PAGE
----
The Delta variant and more, what is the state of COVID-19 in Philly and beyond?
AL DÍA’s first in-person roundtable discussion in more than two years looked at what the last six months of 2021 could look like through a COVID lens.
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Make no mistake, COVID-19 is here to stay whether people like it or not.
Despite vaccines being more accessible than at any point in the first six months of 2021, there is still a battle to educate people about their effectiveness and safety.
How to do so was a major part of a recent roundtable discussion held at AL DÍA, sponsored by the Philadelphia Department of Health, on Thursday, July 8. “The State of COVID-19 and Vaccinations in Philadelphia” was AL DÍA’s first in-person roundtable in more than two years, and touched on everything pressing around COVID-19, from the new Delta variant sweeping the U.S. to vaccinating children, and what the message needs to be surrounding the ongoing fight with the virus as the year enters its second half.
The six featured speakers represented leaders at almost every level of the fight, including representatives from Philadelphia government, those leading community organization efforts, and those on the ground working directly with individual community members.
They were as follows: Joanna Otero-Cruz, managing director of community services at the Managing Director’s Office of Philadelphia, Vanessa Caracoza, director of Philly Counts, Manuel Delgado, chief operating officer at Asociación de Puertorriqueños en Marcha (APM), Jorian Rivera-Ventidos, prevention manager at GALAEI, Dr. Maryann Salib of Esperanza, and Alexandra Thomas, a registered nurse at Congreso Health Center.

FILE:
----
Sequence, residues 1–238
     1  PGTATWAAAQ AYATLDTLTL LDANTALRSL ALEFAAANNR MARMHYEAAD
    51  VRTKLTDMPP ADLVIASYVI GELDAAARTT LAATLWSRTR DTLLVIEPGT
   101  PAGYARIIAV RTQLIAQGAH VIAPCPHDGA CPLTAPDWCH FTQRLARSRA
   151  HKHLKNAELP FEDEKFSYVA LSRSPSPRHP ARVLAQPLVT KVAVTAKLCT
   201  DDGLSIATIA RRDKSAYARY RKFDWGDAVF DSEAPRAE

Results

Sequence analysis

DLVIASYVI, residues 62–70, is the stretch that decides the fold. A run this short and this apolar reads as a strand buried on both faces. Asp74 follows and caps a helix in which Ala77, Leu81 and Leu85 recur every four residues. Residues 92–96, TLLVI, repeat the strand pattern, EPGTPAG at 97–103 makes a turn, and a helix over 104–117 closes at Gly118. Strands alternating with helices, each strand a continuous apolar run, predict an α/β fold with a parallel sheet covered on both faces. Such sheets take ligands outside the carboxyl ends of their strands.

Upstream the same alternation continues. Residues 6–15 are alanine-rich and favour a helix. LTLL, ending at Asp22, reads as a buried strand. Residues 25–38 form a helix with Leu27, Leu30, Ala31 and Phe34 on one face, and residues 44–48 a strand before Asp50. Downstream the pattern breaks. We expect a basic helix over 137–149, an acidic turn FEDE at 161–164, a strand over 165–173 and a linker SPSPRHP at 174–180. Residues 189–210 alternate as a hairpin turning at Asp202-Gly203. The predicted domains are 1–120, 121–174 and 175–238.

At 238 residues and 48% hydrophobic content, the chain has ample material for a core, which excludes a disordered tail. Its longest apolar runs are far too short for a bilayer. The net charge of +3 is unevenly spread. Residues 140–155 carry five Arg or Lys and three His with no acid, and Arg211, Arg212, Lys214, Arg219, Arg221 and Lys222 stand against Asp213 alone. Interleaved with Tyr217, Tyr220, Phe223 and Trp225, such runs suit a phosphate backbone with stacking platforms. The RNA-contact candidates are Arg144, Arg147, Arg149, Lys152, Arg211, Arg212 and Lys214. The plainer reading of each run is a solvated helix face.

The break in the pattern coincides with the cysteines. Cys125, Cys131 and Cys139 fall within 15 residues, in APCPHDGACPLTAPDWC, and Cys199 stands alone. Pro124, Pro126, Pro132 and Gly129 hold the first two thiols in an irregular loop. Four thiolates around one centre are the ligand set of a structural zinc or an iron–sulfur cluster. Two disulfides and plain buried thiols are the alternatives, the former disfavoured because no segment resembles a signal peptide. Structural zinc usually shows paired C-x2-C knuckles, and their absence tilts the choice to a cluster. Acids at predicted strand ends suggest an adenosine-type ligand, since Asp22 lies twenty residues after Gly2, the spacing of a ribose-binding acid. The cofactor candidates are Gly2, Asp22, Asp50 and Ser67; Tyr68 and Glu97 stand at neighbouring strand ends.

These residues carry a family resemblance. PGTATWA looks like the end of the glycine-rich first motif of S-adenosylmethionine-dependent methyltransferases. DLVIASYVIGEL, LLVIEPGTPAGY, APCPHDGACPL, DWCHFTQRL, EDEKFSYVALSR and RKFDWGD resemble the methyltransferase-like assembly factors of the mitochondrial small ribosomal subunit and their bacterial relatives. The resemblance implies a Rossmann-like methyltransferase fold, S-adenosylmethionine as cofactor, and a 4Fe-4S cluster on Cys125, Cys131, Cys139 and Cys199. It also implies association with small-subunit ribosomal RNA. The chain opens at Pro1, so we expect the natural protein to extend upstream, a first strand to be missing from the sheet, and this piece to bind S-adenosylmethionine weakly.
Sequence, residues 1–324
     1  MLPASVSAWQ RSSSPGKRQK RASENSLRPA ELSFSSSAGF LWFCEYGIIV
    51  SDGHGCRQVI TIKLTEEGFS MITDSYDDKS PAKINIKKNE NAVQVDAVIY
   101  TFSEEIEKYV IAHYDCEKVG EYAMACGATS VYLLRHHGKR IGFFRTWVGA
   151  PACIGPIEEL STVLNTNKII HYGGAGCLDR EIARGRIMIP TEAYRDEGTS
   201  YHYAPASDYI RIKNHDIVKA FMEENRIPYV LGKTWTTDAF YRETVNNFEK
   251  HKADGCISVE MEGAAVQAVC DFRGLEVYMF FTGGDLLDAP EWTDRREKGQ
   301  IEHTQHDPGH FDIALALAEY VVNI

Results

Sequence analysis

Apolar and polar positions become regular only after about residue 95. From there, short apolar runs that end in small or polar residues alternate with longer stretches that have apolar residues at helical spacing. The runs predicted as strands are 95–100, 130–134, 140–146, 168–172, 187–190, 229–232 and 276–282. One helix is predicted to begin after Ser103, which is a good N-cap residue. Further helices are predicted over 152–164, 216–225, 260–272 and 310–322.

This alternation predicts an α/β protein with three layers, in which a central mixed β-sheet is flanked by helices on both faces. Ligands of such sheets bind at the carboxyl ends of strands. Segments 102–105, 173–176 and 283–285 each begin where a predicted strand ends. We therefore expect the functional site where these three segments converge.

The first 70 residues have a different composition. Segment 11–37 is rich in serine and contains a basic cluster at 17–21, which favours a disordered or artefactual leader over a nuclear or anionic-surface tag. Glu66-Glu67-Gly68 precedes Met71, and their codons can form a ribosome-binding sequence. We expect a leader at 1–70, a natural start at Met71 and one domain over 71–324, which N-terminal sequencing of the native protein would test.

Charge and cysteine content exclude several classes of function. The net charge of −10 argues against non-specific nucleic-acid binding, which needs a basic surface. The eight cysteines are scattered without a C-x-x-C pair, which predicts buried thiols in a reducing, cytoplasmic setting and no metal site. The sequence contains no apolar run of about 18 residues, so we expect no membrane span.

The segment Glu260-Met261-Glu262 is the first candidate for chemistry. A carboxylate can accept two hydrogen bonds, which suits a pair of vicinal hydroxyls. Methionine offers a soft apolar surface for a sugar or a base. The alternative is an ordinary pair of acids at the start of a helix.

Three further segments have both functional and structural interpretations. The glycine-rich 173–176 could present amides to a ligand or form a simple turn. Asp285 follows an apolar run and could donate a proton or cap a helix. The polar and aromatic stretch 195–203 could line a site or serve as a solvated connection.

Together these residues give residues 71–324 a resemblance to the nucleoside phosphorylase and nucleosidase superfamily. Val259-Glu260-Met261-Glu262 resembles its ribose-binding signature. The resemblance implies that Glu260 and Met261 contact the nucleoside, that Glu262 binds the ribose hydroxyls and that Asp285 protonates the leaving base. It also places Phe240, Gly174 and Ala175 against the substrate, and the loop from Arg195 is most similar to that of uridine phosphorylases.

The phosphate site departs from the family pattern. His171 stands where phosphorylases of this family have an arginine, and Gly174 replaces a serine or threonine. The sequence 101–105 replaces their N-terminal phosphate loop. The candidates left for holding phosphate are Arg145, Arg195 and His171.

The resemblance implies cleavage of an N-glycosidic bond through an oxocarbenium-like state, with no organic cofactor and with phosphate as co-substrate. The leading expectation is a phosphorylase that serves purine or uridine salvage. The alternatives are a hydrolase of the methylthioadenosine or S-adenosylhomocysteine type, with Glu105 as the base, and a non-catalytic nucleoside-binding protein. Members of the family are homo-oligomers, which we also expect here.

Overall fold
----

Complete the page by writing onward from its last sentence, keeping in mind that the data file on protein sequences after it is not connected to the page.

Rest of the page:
The talk began by diving into the COVID-19’s relatively new Delta variant, which is rapidly becoming the most prevalent strain of the novel coronavirus not only across the U.S., but also the world.
“This is not uncommon to viruses. This is what viruses do, they mutate,” said Dr. Salib.
For COVID-19 in particular, there are a number of variants that have made rounds around the U.S. and the world. Named for letters in the Greek alphabet, the first mutation was known as the Alpha variant, and started in England.
Salib said the main concern with the newer Delta variant is its transmissibility. While the Alpha variant is 50% more transmissible than the original COVID-19 strain, the Delta variant is 50% more transmissible than the Alpha variant.
Fortunately, she said, the vaccines available are effective at keeping people out of the hospital, but there is major concern for those still not completely vaccinated.
“One dose is not sufficient, and so it is very, very, very important that everyone who has received their first dose, gets their second dose, and that, if they haven’t been vaccinated, to be vaccinated,” said Salib.
Philadelphia has one of the highest rates of vaccination of major cities in the country, with more than 70% of the adult population having received at least one dose of a COVID-19 vaccine. Still, it has work to do to get those residents fully vaccinated, with the latest city data showing just over 800,000 as having received both shots of a Pfizer or Moderna vaccine, or just one of a Johnson & Johnson jab.
Diving deeper into the city’s data also reveals that many of the predominantly Latino zip codes in Philly remain with some of the lowest vaccination rates.
It’s where boots on the ground approaches have the greatest effect.
From the city’s perspective, the efforts of the Philly Counts office play the biggest role in connecting directly with communities and other community partners. It’s main goal is what’s known as community immunity, or 70% of the whole city population completely vaccinated, as cited by a number of medical experts.